Updated from 4:26 p.m. EDT
and Treasury-sponsored rescue plan for pummeled mortgage buyers
couldn't keep U.S. stocks advance Monday, and the major averages closed with moderate losses.
Dow Jones Industrial Average
fell 45 points at 11,055, and the
lost 11 points to 1228. The
dropped 26 points to 2213.
On Sunday, Treasury Secretary Henry Paulson said his
agency would extend additional credit
to Fannie and Freddie, as well as buy stock in the companies, if needed, to help the government-sponsored entities retain adequate capital levels.
Meanwhile, the Fed said it will play a more active role in setting capital requirements for the two mortgage backers and granted its New York branch the power to lend to the companies if necessary.
Last week, shares of Fannie and Freddie were repeatedly hammered on concerns about their solvency and speculation that the government would stage a bailout, destroying the value of their stocks.
A weekly auction of short-term bills by Freddie Mac was met with strong demand today. The company said it sold $2 billion in three-month bills with a yield of 2.309% and another $1 billion in six-month reference bills that yield 2.496%. Shares of Fannie ended down 5.1% at $9.73, while Freddie tumbled 8% to $7.11.
The Treasury and Fed's decision to step in on behalf of their behalf is good news, because things might have been worse if the government hadn't intervened, said Bill Stone, senior vice president and chief investment strategist at PNC Wealth Management.
"Some of these people that worry about a systematic failure of the financial system are kind of overstating the case," said Stone. Still, investors have reason to be worried. "The fact remains that even though the systematic risk might not be there, big picture anyway, I'm not sure that things have necessarily gotten any better for shareholders in financials."
Stone pointed out that a decision by the Treasury to buy additional shares of the mortgage firms would probably be dilutive to the stock, hurting shareholders. "They could survive, but shareholders could still come away with little to nothing."
In a less encouraging development for the financial space, the Office for Thrift Supervision took over
late Friday after a bank run diminished its capital. Shares of IndyMac have lost nearly all their value, ending today's session at 15 cents.
Also reflecting jitters about the financial sector,
shares plunged this morning and were briefly halted just before noon. The bank issued a statement to quell rumors that it was facing unusual depositor or creditor activity. The stock slumped 15% to $3.77. Shares of fellow financial firm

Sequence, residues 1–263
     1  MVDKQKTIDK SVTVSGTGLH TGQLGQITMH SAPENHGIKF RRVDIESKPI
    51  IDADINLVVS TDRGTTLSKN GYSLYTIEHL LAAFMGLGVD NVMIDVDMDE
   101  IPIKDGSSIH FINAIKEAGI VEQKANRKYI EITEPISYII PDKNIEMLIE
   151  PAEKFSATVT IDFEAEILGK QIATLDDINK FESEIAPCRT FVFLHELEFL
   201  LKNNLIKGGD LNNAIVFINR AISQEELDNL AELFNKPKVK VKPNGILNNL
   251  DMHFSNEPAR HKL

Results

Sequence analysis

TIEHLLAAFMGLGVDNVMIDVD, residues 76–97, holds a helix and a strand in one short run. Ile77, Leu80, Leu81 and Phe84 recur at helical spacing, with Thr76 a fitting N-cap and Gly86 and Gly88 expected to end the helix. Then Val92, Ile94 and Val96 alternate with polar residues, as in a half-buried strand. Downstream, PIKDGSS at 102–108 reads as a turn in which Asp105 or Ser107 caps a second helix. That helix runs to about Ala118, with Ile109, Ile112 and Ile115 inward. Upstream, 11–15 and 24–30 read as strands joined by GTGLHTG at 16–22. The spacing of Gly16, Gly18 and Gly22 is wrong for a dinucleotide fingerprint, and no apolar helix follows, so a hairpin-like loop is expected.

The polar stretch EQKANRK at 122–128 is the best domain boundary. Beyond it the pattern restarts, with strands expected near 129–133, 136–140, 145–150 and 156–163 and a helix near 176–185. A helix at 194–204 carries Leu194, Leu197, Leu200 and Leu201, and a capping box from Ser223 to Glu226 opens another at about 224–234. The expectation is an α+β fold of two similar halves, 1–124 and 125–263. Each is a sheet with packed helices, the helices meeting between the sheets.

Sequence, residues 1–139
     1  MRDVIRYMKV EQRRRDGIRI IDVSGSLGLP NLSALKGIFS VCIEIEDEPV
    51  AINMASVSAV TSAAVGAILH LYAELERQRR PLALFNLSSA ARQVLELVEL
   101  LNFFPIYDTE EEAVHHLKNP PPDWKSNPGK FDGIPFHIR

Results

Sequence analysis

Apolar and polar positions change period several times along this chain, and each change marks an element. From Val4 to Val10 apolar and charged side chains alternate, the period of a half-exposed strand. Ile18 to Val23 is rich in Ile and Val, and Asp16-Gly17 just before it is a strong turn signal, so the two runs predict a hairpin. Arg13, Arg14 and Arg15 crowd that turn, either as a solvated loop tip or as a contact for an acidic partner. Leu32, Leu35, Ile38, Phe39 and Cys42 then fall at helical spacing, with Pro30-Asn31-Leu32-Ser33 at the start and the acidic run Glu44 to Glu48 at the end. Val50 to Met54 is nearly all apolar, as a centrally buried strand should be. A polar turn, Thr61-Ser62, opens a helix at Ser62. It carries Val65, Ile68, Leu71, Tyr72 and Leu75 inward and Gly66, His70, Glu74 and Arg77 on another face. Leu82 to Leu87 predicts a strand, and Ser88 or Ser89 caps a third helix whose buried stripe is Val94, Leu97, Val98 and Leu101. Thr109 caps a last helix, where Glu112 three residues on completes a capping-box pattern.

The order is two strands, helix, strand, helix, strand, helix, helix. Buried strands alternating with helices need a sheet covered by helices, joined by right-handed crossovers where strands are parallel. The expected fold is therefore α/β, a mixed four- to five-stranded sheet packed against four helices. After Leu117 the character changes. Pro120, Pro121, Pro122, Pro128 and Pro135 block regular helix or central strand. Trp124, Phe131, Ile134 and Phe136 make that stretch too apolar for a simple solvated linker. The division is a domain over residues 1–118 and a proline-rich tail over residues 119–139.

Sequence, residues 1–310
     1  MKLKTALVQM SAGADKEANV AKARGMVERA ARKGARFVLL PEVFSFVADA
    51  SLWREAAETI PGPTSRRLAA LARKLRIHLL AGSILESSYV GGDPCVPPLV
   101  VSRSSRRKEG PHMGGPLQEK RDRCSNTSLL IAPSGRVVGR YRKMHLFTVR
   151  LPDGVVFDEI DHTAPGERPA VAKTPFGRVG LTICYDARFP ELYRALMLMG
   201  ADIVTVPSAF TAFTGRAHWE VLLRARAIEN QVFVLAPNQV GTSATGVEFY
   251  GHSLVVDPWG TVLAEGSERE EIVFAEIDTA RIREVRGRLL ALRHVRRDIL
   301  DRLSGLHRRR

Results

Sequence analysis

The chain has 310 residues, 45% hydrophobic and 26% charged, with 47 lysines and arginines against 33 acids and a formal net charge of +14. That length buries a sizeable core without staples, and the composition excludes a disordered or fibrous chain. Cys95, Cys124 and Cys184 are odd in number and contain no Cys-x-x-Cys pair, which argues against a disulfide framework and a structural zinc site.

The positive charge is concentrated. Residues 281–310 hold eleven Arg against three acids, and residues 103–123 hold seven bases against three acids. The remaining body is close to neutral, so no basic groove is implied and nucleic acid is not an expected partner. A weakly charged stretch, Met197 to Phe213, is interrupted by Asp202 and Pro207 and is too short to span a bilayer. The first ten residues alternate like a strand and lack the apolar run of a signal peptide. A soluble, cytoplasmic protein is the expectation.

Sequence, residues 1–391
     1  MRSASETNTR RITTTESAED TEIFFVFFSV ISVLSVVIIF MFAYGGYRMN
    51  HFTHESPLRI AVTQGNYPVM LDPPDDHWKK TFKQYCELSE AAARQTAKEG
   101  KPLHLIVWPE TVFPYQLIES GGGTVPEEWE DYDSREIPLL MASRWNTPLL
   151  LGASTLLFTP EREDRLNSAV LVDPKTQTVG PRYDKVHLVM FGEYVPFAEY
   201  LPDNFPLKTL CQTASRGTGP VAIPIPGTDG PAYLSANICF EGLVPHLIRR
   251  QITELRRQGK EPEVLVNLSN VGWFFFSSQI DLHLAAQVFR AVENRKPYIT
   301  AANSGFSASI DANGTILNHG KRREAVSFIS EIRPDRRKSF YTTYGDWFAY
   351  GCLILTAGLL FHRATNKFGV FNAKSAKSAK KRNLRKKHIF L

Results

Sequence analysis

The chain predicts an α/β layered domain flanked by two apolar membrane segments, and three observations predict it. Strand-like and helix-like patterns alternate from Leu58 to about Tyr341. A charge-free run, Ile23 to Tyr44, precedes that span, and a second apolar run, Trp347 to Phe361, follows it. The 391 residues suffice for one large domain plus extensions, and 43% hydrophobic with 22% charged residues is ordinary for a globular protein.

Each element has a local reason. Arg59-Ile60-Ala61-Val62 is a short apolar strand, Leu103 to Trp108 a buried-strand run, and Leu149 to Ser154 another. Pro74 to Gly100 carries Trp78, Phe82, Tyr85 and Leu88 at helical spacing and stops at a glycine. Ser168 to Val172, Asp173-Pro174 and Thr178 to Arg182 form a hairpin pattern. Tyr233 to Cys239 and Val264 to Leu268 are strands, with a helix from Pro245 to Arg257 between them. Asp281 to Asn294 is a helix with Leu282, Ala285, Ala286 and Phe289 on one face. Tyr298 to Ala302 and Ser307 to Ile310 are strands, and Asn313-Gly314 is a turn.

sank 35% at $3.23.
Also disquieting to investors were earnings from regional firm
. The company said second-quarter profits declined 25% year over year to $160.3 million, or $1.44 a share, shy of analysts' forecast of $1.50 a share. M&T dropped 16% to $58.82.
"There is a great deal of fear as far as how sound these banks are at this point," said Don Frerichs, senior vice president and director of mutual funds for Portfolio Management Consultants, the investment arm of Envestnet Asset Management. He said that the S&P may be fairly valued based on forward earnings, and to the degree that as foreclosure legislation puts a bottom into the housing market, investor sentiment could turn positive.
Outside the financial group, on Sunday
accepted a $70-a-share takeout bid by Belgian brewer InBev. The deal, worth $52 billion, represents an increase from InBev's earlier offer of $65 a share.
Elsewhere on the M&A front,
said over the weekend that it had rejected a proposal by
and billionaire Carl Icahn to restructure the Internet company and sell its search business to Microsoft.
also began courtship of
, offering $34 a share. Waste Management said its offer is better for Republic shareholders than a June 23 agreement by Republic to acquire
in a stock deal.
announced that it sold 1 million iPhones over the weekend, trouncing analyst sales expectations for the sought-after smartphone.
Looking at commodities, crude oil ended up 12 cents at $145.18 a barrel, and gold rose $13.10 to finish at $973.70.
Prices for crude were little changed in the wake of an announcement from President George Bush that he was lifting the executive order banning oil exploration on the outer continental shelf surrounding the U.S. Speaking at the White House, he said that Congress should act quickly to increase domestic oil production.
As for Treasuries, the 10-year note was adding 27/32 in price, yielding 3.86%, and the 30-year was up 1-16/32 to yield 4.45%. The dollar was recently gaining against the euro, yen and pound.
Outside the U.S., European markets were rising, while the Asian exchanges showed some weakness. The FTSE in London and the DAX in Frankfurt were both up, though the Nikkei in Japan and Hong Kong's Hang Seng declined.